VIDEO: Maui’s 2011 Economic Forecast is a “Mixed Bag”
By Wendy Osher
[flashvideo file=http://www.youtube.com/watch?v=yYyjO7goCLE /] Maui’s economy this year “is a mixed bag,” according to Dr. Leroy Laney who presented the 37th Annual First Hawaiian Bank Economic Outlook Forum for Maui on Friday.
Dr. Laney, who is a professor of economics and finance at Hawaii Pacific University, also serves as the bank’s economic advisor. He provided the update during a morning presentation at the Maui Beach Hotel, Elleair Ballroom in Kahului.
“Maui’s visitor industry is doing extremely well, thanks to its resilient upscale image,” said Lane, however, tourism alone he said, “cannot be relied upon to bring Maui back to better times.”
He noted that while the visitor industry is doing quite well, weakness in other sectors of Maui’s economy “simply overwhelms that strength.”
Laney said, unfortunately, the other sectors of Maui’s economy, especially the construction industry, continue to lag significantly. He said progress in this area would help in providing a more balanced and stable economy.
Laney discussed several local economic indicators and elaborated on the impact that has been felt on Maui. This includes: jobs, tourism, construction, real estate, higher education, and the island’s sugar industry.
Tourism has proven to be Maui’s shining star in an otherwise dim economic environment. Total airline seats for Maui experienced a surge of over 11% this year, far stronger than anywhere else in the state.
“A big reason is the fact that Maui has been picking up direct flights by Hawaiian and Alaska Airlines from secondary cities in the US and Canada,” said Laney. “That, combined with aggressive marketing in those cities has paid off,” he said.
In addition to the airlift, the wide range of activities available to visitors on Maui is “hard to top,” said Laney.
While tourism is a positive, jobs are one of the weaknesses identified on Maui.
Even though the end to the recession occurred some time ago, Laney said Maui is the only county in the state that continues to lose jobs.
Lane said one of the major reasons that Maui lags in job creation is the weakness of its construction sector. But help, he said, is on the way with several projects on the horizon including:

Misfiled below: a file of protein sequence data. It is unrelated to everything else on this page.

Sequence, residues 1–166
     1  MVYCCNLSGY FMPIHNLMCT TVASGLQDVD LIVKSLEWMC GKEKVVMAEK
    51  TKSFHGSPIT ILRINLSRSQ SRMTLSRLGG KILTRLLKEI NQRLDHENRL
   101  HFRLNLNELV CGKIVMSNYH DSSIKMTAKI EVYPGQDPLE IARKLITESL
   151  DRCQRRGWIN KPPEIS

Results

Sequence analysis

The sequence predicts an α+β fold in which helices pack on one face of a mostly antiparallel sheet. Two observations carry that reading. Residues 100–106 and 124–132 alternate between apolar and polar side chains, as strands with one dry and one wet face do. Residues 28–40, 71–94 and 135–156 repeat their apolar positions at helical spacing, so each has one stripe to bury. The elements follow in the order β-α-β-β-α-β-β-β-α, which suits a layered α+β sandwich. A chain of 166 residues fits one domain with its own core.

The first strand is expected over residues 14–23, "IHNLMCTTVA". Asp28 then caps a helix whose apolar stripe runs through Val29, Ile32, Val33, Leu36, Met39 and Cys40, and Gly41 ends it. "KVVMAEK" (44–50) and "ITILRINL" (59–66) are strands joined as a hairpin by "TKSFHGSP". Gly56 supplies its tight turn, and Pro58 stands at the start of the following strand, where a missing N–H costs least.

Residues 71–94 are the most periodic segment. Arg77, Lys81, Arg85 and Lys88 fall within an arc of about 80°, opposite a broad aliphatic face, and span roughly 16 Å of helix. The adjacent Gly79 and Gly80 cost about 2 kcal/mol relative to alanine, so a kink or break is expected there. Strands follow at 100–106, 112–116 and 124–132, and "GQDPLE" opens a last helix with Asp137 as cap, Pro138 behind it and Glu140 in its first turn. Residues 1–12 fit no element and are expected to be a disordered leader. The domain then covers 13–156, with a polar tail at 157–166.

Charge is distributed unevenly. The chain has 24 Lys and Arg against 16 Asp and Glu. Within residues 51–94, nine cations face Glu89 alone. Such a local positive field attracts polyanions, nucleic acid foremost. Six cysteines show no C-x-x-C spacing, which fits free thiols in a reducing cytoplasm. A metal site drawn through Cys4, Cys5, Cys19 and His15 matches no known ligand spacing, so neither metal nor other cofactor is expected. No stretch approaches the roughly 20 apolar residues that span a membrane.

- Hyatt’s plans for a time-share tower in West Maui;
- Alexander & Baldwin’s Maui Business Park Phase II that includes 179 acres of light industrial development in Kahului; and
- The recent groundbreaking for the 138-room Courtyard by Marriott hotel near the Kahului Airport.
One of the other economic indicators, real estate, showed a leveling-off on Maui for sales of both single-family homes and condos in 2011.
“Until the downward pressure on prices abates, there cannot be sustained recovery in the real estate market,” said Laney. “And that has to do with the inventory of short sales and foreclosures that constitute an overhang on the market,” he said.
As for education, Laney identified some positive strides at the University of Hawai’i Maui College–including a recent name change reflecting the addition of four-year degrees, and a rapid enrollment growth of around 33% in two years to nearly 4,400 students.
The final area of interest that Laney touched upon was the sugar industry and Hawaii’s sole remaining sugar plantation, HC&S.
He attributed recovery in 2011 to better rainfall and better age on the crop, with estimated production expected to be around 185,000 tons.
The importance of HC&S on Maui, Laney said, is its role as a large employer, its ability to keep the central valley green, and its contribution to Maui’s power grid.